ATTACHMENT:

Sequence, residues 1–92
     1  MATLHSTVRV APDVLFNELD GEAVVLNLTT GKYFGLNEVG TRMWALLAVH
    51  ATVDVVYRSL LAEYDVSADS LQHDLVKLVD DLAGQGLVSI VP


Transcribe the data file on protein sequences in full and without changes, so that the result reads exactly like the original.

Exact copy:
Sequence, residues 1–92
     1  MATLHSTVRV APDVLFNELD GEAVVLNLTT GKYFGLNEVG TRMWALLAVH
    51  ATVDVVYRSL LAEYDVSADS LQHDLVKLVD DLAGQGLVSI VP